At one point in the original script, the Loud Soldier accused Fleming of cowardice. During repeated re-takes, the accusation got to Audie Murphy, who finally accused Bill Mauldin of trying to get at him with the line. Murphy also had trouble admitting that he was a coward in the scene. Finally, Mauldin suggested, "I think Audie is having trouble confessing to a 'Stars and Stripes' [the official US Army newspaper] cartoonist that he ran from battle." John Huston did a hurried re-write so that Mauldin would confess his fear first, prompting Murphy's character to admit to his own feelings.
At one point John Huston decided to give up his efforts of making this movie since it caused so much conflict between studio chief Louis B. Mayer and chief of production Dore Schary. Huston told Mayer about his decision, but changed his mind after Mayer told him, "John Huston, i'm disappointed in you. If you really believe in this movie, you should fight for it."
Early in the film, Henry Fleming is shown writing a letter to his family. The date at the top of the letter is 10 September 1862. This makes the battle depicted in the film either Turner's Gap, South Mountain, MD, on Sept 14 or Antietam Creek (Sharpsburg), MD, on Sept 17. Scholars generally agrees that the battle in the novel is more like Chancellorsville, VA, in May 1863. The novel never names a place or gives a date. One year after the publication of the novel, Stephen Crane wrote a short story entitled "The Veteran," published in "McClure's" magazine. In the story Henry Fleming is an old man telling the story of his first battle in the Civil War. There Fleming identifies the battle as being Chancellorsville.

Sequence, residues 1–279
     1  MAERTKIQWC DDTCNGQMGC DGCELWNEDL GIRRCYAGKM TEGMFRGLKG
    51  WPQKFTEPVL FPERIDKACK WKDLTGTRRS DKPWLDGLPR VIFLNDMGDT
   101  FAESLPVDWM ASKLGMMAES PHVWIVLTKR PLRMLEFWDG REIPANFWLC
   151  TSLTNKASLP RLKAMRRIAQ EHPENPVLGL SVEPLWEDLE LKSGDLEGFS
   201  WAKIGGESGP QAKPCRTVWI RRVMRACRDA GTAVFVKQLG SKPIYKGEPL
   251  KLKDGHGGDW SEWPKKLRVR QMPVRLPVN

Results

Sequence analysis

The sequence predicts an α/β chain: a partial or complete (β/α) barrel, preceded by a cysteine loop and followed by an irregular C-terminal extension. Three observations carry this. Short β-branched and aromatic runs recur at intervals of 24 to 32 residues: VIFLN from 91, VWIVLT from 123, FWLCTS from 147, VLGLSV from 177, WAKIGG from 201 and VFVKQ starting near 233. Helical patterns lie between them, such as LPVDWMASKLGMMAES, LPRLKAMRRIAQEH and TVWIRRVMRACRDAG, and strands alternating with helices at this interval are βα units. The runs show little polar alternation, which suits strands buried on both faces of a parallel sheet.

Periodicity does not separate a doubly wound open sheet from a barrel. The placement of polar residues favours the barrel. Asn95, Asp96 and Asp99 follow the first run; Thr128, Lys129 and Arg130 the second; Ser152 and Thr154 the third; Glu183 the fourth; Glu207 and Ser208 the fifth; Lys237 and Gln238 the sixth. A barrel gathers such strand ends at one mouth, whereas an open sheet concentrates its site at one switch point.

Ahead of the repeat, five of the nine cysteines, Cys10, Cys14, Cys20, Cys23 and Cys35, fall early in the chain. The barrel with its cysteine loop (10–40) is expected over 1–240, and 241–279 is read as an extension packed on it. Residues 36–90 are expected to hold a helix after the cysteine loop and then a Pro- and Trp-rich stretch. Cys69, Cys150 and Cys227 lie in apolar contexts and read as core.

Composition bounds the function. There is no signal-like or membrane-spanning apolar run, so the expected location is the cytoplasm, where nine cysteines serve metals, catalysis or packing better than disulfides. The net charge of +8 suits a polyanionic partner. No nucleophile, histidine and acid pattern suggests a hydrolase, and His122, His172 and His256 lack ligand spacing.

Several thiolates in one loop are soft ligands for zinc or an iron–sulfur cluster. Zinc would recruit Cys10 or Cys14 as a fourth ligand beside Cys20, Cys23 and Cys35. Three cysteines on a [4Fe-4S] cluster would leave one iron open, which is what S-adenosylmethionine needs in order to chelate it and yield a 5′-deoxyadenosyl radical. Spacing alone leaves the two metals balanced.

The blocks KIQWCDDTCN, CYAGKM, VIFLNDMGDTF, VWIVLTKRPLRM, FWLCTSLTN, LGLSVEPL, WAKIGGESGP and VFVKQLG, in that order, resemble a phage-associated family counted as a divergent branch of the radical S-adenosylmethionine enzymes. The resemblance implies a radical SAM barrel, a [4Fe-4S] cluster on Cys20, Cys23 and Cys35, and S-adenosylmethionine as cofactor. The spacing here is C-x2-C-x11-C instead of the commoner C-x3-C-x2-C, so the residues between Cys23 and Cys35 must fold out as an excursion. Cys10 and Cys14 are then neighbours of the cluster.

When the film played on the second half of a double bill in London, a local critic caught it and was so impressed he arranged a press screening for his colleagues. They all wrote columns demanding the film be given a proper release. Finally, MGM gave in and booked the film into a West End theatre, where it flopped.